MICRO EXAM 2 Chapeter: 9

Card Set Information

MICRO EXAM 2 Chapeter: 9
2010-03-03 18:47:33

Chapter 9
Show Answers:

  1. The growth of individual cells is what? Why?
    exponential,because of autocatalytic nature; the production of ribosomes and enzymes allows for the production of even more ribsomes and enzymes.
  2. Topic: Growth and Division of Individual Cells

    How do most procaryotes divide?
    by binary fission
  3. Describe how binary fission works in this case?
    • -Cells split by septum; FtsZ protein ring pulls membrane in
    • -New orientation of membrane reorients peptidoglycan synthesis
  4. Some cells divide by what two processes?
    budding or multiple fission
  5. Define budding.
    small daughter cells forms and continues to increase in size until they are size of mother cell; some bud at the end of hypha (Hyphomicrobium)
  6. Define Multiple Fission
    mother cell increases to large size and then has multiple divisions; seen in some mycelial organisms which then form chains of spores
  7. Why are the interdivision times of individual cells are quite variable?
    Because interdivision can vary in length, many cells in a culture can be at different stage; synchronized cells are necessary for many studies
  8. What did Helmstetter and Cooper develope?
    “baby machine” method of getting synchronous cells
  9. Why can Procaryotic growth rates can be highly variable?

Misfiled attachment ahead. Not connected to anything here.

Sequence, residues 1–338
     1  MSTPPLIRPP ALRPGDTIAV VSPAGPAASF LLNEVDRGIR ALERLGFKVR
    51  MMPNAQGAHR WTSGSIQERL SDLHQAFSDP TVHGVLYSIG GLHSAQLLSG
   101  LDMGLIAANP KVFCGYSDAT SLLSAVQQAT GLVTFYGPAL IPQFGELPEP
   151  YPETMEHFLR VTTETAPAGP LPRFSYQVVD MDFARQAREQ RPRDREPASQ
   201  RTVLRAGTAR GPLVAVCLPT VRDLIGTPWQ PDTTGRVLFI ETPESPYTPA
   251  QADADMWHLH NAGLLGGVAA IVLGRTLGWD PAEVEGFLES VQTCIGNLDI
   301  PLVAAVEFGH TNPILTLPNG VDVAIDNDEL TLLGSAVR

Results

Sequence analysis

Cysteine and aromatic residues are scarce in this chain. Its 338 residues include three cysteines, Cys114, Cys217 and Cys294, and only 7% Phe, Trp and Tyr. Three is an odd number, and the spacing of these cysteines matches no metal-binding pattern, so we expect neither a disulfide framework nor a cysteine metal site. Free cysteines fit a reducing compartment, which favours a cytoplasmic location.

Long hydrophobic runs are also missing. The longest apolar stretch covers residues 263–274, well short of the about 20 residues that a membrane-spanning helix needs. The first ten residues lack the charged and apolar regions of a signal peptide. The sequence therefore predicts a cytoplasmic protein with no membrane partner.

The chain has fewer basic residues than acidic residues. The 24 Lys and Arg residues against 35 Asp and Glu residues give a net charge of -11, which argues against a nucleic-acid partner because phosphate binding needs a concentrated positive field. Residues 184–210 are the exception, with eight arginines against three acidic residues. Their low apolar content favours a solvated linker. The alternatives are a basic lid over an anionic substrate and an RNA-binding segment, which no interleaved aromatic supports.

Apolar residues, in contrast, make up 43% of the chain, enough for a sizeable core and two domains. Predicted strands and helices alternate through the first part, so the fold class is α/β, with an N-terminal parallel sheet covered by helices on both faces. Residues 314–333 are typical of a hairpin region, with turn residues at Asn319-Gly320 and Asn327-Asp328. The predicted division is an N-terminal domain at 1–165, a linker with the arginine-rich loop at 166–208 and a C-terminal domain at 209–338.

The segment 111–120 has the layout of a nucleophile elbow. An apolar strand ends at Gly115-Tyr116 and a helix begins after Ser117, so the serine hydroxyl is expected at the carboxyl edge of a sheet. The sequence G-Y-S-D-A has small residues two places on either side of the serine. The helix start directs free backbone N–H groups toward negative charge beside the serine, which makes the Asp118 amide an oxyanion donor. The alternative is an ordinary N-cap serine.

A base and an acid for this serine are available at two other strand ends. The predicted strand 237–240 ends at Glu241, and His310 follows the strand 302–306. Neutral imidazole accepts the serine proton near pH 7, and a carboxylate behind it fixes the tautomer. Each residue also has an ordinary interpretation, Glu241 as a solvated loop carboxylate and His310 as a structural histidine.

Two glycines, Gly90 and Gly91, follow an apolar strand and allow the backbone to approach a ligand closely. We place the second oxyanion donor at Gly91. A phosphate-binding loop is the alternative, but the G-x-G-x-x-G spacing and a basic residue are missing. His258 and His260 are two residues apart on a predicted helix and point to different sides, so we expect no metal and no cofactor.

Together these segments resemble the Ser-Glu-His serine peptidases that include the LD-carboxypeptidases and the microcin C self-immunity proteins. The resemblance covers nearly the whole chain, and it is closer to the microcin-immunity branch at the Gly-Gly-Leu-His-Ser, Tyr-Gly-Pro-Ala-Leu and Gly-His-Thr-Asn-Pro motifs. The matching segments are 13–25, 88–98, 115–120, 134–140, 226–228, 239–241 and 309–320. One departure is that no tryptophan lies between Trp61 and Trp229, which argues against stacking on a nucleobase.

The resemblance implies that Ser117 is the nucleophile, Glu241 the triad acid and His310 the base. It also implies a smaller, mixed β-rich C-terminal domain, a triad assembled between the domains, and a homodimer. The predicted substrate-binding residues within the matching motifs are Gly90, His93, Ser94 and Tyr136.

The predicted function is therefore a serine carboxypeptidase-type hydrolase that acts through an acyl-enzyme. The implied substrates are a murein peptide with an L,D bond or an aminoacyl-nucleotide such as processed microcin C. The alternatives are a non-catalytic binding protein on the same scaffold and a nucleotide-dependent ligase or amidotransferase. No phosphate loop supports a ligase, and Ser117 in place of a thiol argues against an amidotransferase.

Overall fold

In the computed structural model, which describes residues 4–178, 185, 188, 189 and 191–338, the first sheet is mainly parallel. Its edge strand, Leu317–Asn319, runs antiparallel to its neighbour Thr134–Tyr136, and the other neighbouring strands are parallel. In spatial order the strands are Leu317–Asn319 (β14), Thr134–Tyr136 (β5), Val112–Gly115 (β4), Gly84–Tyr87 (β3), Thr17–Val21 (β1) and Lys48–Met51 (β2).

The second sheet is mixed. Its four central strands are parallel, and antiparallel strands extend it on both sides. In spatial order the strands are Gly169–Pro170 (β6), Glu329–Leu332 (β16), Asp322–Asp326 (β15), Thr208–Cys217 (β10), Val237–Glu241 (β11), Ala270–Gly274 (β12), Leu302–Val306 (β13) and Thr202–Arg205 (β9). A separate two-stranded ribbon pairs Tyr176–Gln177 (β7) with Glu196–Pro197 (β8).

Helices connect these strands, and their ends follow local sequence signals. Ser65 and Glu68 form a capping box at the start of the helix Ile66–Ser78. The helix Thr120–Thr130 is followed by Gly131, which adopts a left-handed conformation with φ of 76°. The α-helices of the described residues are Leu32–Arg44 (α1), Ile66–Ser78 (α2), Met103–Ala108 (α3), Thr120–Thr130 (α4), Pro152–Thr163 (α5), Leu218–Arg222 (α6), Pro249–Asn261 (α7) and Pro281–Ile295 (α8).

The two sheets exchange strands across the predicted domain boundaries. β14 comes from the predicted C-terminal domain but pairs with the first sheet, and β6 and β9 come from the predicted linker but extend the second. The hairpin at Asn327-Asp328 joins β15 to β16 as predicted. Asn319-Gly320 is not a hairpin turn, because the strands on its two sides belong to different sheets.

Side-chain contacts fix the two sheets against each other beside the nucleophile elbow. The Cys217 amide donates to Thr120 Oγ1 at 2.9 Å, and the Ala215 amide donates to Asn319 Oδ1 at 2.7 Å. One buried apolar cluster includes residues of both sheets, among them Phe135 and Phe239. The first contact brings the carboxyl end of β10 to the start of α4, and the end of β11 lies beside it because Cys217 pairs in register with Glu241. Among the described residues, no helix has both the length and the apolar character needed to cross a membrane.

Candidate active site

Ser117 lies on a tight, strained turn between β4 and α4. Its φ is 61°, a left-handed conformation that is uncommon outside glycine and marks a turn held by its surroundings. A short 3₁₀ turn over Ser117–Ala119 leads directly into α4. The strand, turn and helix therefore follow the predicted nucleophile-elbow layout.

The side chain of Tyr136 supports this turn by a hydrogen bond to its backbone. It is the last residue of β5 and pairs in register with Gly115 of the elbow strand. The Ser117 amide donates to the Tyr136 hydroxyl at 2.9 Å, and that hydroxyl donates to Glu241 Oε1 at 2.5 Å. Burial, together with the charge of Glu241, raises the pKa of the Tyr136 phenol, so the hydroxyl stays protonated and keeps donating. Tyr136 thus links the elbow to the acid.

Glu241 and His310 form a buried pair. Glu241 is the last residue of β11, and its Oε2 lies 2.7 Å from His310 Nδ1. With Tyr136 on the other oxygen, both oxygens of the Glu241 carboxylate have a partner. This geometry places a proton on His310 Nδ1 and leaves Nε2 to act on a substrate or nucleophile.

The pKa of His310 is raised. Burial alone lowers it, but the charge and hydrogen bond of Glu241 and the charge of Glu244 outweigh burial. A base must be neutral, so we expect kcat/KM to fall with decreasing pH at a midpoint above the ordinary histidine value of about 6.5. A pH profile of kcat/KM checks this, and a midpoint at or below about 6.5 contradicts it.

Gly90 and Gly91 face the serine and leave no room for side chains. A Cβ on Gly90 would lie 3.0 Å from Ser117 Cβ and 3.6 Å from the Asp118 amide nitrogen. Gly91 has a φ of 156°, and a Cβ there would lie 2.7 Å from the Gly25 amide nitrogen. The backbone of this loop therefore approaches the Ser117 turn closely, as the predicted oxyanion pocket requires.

Because of highly variable interdivision time, generally only measure average interdivision and report growth as generation time
  10. What are the Procaryotic growth rates?
    Growth rates can vary over a 10-fold range (E. coli in rich medium [20 minutes], in minimal medium [1.5 hours]
  11. Procaryotic chromosomes replicate bidirectionally from where?
    A single origin
  12. In regards to origin what is specific about Eukarya and archaea?
    they have multiple origins of replication
  13. Define Origin
    is a region with special sequences that bind initiation protein (DnaA); two replisomes form; replication continues to terminus
  14. Segregation of the bacterial chromosome is mediated by what?
    the bacterial cytoskeleton (in eukaryotes, mitosis is a separate process)
  15. In procaryotes, successive cell cycles can do what?
  16. C period
    (equivalent to S phase of eukaryotes) – amount of time it takes for the bacterial chromosome to be replicated (40 minutes in E. coli)
  17. D period
    (equivalent to the eukaryotic G1 phase) – time between replications; present in bacteria with generation time of more than 1 hour but disappears at higher growth rates (20 minutes)
  18. In cells that divide faster than 60 minutes, next DNA replication must begin when?
    before previous division is complete
  19. Topic: Microbial Population Growth

    How is Microbial population growth is normally measured?
  20. Within limits, the amount of light scattering (optical density or absorbance) is strictly proportional to what?
    the amount of biomass present in suspension
  21. Principle limitations of technique are that?
    it is not sensitive enough for small concentrations of cells and does not differentiate between living and dead cells
  22. Microbial population growth is?
  23. When do populations enter stationary phase?
    when they run out of nutrients or accumulate toxic quantities of waste materials
  24. When does Exponential growth stop?
    when nutrients drop/waste accumulates and stationary phase begin
  25. In stationary phase what happens?
    DNA replication stops, and cell becomes more resistant to environmental stress
  26. What is it called when cells have been in exponential growth for several generations?
    balanced growth
  27. Define Lag phase
    period of adjustment that cells when cells are placed into a new medium/environment